It will probably be possible for such people to continue trading in this way as a displaced person, depending on issues of personal tax residency (see below), but the sad reality is that some people will find themselves moving more than once, perhaps even from one country to another. At times this could also lead to long or short stays outside of the EU and/or the eurozone. This may cause conflict with the Ukrainian FOP compliance requirement to receive payments directly to a bank within Ukraine.
For reasons of business continuity and stability therefore, Ukrainian private entrepreneurs may find it advantageous to establish an Estonian e-residency business entity, which can stay in one (digital) place throughout - giving them the freedom to move around where life takes them, without the expense and friction of registering as a freelancer in each new location.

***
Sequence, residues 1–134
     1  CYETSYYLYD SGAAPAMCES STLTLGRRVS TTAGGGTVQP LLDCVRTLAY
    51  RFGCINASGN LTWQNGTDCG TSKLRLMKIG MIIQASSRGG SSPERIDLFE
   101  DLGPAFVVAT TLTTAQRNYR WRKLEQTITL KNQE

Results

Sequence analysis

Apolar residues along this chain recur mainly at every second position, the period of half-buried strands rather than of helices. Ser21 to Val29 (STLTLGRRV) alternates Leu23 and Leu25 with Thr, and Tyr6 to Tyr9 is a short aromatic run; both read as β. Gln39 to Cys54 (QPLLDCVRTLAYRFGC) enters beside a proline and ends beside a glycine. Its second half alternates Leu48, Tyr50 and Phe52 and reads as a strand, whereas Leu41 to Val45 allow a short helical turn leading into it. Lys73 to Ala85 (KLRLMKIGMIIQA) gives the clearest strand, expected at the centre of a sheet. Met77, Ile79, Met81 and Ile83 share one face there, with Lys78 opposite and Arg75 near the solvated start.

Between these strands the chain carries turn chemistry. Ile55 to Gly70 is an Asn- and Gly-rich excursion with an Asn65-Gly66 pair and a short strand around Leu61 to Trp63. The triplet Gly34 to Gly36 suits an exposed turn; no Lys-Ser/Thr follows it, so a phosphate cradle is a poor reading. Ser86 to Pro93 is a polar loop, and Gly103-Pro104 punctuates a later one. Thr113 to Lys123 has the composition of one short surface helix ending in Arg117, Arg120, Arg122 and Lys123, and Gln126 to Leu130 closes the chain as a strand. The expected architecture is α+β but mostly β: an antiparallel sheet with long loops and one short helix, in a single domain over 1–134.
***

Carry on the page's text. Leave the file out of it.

In some places it can be easier to secure accommodation and similar contracts, even lines of credit, to be operating as a business owner rather than a freelancer as well.
Those working with international clients in particular may find it provides reassurance to those further afield, that business services are not dependent on Ukrainian communications and technology infrastructure which may be vulnerable, and be operating at capacity even after the entrepreneur has been able to physically return to Ukraine.
While Estonian e-Residency has been available for over 7 years, the world gets more digitally integrated all the time, present geopolitics notwithstanding. And in October 2022, Ukraine introduced its own e-Residency programme.